Illinois’ new Street Gang and Racketeer Influenced and Corrupt Organizations Law
Yesterday, Illinois Governor Patrick Quinn signed into law the Illinois Street Gang and Racketeer Influenced and Corrupt Organizations Law, 720 ILCS 5/33G. The full text of the new law can be found at https://www.ilga.gov/legislation/publicacts/fulltext.asp?Name=097-0686.
The legislative intent of the statute is stated, “The substantial harm inflicted on the people and economy of this State by pervasive violent street gangs and other forms of enterprise criminality, is legitimately a matter of grave concern to the people of this State who have a basic right to be protected from that criminal activity and to be given adequate remedies to redress its harms.” It further states that the legislature found that current laws were inadequate and that it, thereby, supplemented those laws with the Illinois RICO statute.
The statute defines the enterprises that are subject to the statute as well as the predicate activities which are subject of the new law. Those activities include any act that is a Class 2 felony or higher as well as any act under the law of another jurisdiction that could be charged as a Class 2 felony or higher in the State of Illinois. It outlines many of those offenses including solicitation of murder for hire, first degree murder, kidnapping, criminal sexual assault, promoting juvenile prostitution, criminal street gang recruitment, robbery, arson, place of worship arson, aggravated discharge of a firearm, as well as certain offenses under the cannabis control act, controlled substance act and methamphetamine control and community act. It further outlines that pattern of predicate activity means at least three occurances that are in some way related to each other, have continuity between them and are separate acts. The statute further explains such a pattern of predicate activity in detail.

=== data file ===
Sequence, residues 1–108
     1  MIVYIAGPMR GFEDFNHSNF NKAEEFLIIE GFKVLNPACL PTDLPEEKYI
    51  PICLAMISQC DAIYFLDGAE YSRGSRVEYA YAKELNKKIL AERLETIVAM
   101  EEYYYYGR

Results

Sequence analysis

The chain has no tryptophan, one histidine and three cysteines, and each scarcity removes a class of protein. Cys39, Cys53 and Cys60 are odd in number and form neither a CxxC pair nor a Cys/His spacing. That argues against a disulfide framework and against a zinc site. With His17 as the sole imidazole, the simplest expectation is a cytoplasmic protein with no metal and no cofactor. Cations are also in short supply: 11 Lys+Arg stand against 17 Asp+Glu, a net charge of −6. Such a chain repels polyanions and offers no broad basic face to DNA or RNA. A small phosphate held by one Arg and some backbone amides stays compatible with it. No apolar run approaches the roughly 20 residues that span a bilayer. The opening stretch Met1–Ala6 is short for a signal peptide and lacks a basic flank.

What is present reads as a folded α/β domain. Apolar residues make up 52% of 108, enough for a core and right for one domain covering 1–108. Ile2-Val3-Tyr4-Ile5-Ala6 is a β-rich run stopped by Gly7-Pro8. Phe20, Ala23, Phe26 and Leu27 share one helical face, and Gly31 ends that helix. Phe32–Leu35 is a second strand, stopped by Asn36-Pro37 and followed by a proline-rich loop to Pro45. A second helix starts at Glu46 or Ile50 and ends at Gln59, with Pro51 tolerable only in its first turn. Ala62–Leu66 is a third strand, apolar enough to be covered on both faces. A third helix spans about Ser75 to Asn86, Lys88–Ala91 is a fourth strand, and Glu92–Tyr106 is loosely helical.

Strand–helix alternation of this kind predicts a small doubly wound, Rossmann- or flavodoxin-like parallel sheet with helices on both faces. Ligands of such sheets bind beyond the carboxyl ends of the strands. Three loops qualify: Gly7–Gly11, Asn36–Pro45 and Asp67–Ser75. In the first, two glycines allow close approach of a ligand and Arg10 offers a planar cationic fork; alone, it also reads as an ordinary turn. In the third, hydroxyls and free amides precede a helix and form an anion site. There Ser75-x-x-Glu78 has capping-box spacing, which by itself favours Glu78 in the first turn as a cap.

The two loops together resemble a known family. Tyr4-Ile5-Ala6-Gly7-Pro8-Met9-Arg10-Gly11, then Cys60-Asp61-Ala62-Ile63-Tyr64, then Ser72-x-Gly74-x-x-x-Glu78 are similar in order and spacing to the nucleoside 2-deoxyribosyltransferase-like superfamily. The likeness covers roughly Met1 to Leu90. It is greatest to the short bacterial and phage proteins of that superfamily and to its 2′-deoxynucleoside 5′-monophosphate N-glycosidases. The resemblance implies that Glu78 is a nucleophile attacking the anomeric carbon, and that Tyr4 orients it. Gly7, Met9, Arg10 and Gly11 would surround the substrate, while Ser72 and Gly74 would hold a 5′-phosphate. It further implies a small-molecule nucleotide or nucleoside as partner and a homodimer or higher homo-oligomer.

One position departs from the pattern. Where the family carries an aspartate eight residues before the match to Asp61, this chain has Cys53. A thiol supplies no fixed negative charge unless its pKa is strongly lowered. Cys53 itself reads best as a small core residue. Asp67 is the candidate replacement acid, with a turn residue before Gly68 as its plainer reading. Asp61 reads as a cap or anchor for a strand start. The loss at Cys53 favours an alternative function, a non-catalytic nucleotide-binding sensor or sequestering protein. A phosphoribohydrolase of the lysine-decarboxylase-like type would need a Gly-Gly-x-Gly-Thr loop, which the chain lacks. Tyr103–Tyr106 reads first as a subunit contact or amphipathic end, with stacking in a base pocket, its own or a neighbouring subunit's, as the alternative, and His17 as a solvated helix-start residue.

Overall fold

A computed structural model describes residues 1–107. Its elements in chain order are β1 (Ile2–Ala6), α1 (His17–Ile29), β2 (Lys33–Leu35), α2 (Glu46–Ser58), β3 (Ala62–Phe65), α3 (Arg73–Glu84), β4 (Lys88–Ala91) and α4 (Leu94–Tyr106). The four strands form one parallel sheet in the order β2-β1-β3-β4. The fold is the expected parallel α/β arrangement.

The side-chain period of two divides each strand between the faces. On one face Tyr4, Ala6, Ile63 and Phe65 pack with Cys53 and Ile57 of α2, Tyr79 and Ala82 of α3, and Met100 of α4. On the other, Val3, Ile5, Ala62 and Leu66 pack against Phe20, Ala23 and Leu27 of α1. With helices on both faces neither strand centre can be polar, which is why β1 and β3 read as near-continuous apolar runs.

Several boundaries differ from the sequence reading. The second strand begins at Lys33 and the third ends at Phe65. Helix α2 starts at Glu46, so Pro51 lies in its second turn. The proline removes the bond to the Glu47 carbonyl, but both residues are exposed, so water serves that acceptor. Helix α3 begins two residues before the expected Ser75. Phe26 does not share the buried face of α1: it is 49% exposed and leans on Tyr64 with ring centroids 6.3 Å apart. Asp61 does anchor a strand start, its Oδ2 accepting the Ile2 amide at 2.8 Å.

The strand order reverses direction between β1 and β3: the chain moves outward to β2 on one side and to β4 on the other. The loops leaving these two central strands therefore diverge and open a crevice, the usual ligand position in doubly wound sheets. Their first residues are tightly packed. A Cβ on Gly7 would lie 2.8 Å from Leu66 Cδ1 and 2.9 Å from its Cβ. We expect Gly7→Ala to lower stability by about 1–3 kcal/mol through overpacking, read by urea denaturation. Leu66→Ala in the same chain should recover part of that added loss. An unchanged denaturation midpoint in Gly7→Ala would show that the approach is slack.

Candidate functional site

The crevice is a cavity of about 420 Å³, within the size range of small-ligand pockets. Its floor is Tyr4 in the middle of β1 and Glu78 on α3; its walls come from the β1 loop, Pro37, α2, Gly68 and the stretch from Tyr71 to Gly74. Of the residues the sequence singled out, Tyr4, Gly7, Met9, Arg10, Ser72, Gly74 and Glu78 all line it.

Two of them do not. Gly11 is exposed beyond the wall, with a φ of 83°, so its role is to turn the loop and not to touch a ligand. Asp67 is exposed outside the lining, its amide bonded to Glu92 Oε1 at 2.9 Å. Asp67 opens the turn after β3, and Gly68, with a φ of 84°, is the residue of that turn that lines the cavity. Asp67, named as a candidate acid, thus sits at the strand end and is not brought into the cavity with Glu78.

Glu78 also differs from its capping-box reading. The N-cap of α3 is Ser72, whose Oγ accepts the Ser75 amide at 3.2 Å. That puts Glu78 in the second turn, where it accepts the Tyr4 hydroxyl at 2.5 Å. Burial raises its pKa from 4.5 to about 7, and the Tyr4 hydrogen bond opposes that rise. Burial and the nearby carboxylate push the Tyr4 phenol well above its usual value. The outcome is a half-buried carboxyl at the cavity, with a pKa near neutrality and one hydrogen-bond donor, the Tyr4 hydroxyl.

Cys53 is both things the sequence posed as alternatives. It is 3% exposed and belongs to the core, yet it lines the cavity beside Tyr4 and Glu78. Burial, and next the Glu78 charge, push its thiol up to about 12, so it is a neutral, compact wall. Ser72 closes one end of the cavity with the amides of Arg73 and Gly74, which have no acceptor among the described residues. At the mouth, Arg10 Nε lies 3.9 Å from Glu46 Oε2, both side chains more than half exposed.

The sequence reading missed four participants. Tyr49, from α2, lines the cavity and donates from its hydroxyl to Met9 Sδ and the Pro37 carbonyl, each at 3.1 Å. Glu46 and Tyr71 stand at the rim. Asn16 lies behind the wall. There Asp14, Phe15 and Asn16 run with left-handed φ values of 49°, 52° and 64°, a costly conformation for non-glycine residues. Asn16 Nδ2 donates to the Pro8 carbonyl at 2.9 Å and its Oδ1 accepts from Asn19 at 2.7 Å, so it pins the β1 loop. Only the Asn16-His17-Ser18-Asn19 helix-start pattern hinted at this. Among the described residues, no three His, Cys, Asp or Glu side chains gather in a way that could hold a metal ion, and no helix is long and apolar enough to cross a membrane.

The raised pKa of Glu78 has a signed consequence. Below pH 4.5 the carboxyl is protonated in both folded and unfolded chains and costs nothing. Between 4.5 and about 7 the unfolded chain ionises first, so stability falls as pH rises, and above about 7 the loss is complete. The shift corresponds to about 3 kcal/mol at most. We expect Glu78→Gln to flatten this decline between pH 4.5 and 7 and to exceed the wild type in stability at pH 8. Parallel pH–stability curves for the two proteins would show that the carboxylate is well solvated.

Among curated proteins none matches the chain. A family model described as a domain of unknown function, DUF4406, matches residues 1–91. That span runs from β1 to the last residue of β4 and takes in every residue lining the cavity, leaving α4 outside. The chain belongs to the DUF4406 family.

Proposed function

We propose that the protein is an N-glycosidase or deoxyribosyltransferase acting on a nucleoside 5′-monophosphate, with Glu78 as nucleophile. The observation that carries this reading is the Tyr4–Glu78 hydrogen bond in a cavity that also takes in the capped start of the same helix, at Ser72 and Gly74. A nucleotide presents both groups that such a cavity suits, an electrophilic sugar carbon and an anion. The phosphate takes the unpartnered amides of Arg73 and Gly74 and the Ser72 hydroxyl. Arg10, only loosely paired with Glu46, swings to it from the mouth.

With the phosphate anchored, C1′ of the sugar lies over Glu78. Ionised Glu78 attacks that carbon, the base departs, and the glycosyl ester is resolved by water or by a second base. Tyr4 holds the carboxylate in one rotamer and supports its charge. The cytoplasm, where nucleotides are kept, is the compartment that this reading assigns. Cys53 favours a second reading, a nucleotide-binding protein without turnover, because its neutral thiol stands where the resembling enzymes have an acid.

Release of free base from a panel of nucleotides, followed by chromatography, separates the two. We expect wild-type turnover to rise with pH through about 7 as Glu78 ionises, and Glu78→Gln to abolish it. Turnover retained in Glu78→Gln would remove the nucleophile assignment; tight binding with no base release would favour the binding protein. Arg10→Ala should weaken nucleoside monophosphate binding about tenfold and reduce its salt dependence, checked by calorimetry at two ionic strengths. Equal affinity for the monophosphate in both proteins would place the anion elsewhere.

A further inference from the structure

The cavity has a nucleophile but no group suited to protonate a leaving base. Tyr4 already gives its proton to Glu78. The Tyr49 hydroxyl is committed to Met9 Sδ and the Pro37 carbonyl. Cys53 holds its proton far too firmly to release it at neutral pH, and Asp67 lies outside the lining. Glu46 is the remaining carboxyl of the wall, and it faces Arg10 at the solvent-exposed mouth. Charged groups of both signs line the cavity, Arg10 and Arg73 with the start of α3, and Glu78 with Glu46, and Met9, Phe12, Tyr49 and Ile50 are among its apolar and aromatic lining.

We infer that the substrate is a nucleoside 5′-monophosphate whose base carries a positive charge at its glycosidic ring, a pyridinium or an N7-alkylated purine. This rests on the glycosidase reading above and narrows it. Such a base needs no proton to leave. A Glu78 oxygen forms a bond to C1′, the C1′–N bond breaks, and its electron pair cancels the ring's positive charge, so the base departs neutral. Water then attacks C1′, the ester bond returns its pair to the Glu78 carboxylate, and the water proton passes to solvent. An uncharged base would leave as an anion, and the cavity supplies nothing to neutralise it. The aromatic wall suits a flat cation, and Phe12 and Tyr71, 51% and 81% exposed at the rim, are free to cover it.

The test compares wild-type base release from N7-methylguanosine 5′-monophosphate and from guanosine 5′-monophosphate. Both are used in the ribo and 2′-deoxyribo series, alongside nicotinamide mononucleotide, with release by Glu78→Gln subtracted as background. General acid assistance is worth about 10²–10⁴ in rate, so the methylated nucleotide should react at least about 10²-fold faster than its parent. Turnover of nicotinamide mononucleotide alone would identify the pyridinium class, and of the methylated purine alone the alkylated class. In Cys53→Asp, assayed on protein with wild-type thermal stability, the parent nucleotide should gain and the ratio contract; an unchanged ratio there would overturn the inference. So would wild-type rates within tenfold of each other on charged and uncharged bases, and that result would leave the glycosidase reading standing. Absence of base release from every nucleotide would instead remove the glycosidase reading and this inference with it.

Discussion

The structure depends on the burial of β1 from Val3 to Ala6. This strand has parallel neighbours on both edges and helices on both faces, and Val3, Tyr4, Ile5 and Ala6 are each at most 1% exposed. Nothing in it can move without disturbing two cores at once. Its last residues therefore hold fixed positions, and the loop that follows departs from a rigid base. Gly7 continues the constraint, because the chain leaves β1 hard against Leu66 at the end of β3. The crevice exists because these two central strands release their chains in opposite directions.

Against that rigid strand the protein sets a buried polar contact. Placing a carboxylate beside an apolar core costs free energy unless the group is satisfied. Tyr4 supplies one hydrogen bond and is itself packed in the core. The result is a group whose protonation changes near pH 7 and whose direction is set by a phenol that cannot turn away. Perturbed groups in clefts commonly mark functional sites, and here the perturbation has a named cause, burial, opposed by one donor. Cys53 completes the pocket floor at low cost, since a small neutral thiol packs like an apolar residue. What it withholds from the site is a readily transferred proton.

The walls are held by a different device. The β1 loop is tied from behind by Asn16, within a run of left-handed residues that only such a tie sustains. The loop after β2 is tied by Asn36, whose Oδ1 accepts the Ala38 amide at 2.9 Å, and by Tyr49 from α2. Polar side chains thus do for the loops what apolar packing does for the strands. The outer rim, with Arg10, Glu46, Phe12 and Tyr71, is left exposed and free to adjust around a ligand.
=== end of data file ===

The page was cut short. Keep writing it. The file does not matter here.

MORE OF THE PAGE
It outlines prohibited activities and provides for enhanced Class X felony sentences as well as enhanced sentences whenever the unlawful death of any person or persons results as a necessary or natural consequence of any violation of the statute. The statute further prohibits a sentence of probation, periodic imprisonment, conditional discharge, impact incarceration or county impact incarceration, court supervision, withheld adjudication, or any pretrial diversionary sentence or suspended sentence for persons convicted under the act.
The law requires the State’s Attorney wishing to prosecute persons under this Act to adopt rules and procedures and determine, subject to internal approval, that the prosecution is appropriate pursuant to an internal memorandum. Said memorandum is not subject to disclosure, however, and does not subject the exercise of prosecutorial discretion to judicial review.
It is interesting to note that the legislature included a provision repealing the act 5 years after it becomes law. Presumably, this will allow the General Assembly to review the efficacy and wisdom of the statute a few years after it is operational.